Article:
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NASA's Time Lapse Video Shows Humanity's Impact on the Earth

Climate
NASA's Time Lapse Video Shows Humanity's Impact on the Earth

How much of an impact can billions and billions of people make on the environment? Well, if you watch the video below from Vox, you'll see that in a mere 40 years, human activity can leave quite the mark.

Watch the Las Vegas area sprawl. Photo credit: Vox

These images are courtesy of NASA and the U.S. Geological Survey's Landsat satellite program that the space agency launched in 1972 with the sole intention of studying our planet's surface and how its been changing over time. According to Vox, the satellite takes pictures of the entire surface of the planet every 18 days and orbits the Earth 14 times a day.

In the video, photos taken over the last four decades have been strung together to show humanity's footprint on five different locations. From the shocking deforestation of Rondônia, Brazil (where the area's global beef exports have mowed down enough trees to fill the state of West Virginia), to the rampant water use in the Aral Sea causing a loss of 60,000 fishery jobs due to rising salt levels.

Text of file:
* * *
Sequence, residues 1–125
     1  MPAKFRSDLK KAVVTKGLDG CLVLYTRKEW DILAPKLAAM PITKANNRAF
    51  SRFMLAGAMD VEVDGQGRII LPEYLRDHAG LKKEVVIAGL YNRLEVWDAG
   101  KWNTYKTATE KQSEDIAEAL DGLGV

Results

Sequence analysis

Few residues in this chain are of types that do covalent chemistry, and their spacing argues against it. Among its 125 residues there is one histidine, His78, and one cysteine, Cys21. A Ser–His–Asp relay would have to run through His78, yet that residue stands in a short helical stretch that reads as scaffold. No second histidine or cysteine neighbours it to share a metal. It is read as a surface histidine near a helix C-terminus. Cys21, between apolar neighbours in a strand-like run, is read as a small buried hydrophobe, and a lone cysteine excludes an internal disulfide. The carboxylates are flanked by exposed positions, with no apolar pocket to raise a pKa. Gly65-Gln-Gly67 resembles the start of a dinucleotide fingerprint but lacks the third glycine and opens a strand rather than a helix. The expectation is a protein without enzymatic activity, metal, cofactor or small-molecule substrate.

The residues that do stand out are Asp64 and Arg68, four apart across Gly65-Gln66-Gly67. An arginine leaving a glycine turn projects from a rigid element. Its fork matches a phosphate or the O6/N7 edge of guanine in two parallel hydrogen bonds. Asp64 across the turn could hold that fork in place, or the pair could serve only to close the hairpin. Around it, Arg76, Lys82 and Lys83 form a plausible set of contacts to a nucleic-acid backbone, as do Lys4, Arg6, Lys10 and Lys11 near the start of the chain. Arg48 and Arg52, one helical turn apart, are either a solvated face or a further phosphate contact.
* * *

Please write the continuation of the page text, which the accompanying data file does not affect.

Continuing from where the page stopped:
You'll also see how the the dirty energy industry has literally stripped away Wyoming's natural resources, and how much the Larsen B Ice Shelf has collapsed due to climate change. And in the GIF above from Vox, notice how the increasing number of golf courses and artificial lakes in rapidly growing Las Vegas are an ironic harbinger of the area's relentless drought.

It's clear that we must all change our ways and act now before it gets any worse. Check out the haunting footage here:

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